The energy of water molecules is reduced as the water bonds chemically with other molecules and structurally via Van der Waal’s forces. As a result, water activity describes whether or not water will be available to support microbial growth, participate in chemical reactions, or cause physical changes.
This has caused some people to refer to water activity as a measure of “bound” and “free” water. Sometimes people go further, interpreting a water activity of .25 for example as 25% bound water and 75% free water.
This is not scientifically accurate, and can cause confusion.
The concept of “bound” water has multiple definitions. For example, it is frequently used to describe the process of physically restricting the flow of liquid water by creating a gel system. When the concepts of water activity and physical binding are confused, it can result in attempts to lower water activity by “binding” water using gels.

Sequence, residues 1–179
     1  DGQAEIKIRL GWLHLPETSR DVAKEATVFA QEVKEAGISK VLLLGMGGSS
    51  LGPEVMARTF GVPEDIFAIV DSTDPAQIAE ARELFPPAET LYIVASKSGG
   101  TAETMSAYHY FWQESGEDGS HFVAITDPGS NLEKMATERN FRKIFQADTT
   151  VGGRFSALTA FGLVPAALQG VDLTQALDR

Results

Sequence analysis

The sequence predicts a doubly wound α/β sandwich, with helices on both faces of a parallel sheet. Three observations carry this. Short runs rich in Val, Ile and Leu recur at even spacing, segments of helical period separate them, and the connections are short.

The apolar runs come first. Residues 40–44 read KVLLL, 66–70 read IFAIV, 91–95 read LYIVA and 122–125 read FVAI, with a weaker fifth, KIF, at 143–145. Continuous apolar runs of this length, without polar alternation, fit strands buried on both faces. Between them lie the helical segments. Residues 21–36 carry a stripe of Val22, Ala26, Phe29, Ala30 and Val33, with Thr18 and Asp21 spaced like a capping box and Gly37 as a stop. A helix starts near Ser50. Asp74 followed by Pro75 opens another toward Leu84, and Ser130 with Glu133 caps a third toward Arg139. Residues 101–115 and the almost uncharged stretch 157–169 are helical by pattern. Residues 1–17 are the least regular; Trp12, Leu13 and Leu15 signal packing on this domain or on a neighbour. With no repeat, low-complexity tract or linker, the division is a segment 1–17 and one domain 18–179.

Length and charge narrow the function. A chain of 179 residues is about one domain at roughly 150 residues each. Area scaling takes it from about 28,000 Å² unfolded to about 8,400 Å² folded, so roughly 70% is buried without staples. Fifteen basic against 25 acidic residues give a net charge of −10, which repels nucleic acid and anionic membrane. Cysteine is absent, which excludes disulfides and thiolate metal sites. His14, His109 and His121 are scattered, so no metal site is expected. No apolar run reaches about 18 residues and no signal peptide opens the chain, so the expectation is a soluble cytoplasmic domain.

The gel does prevent water from flowing as a liquid, but doesn’t lower water activity. The water can still move easily as a vapor. In fact, gel-bound water may have a very high energy, or water activity, and be available for microbial growth and other reactions.
Instead of thinking of “bound” and “free” water, it is more accurate to think in terms of available energy. For example, water in a sample with a water activity of 0.25 has 25% of the energy of pure water.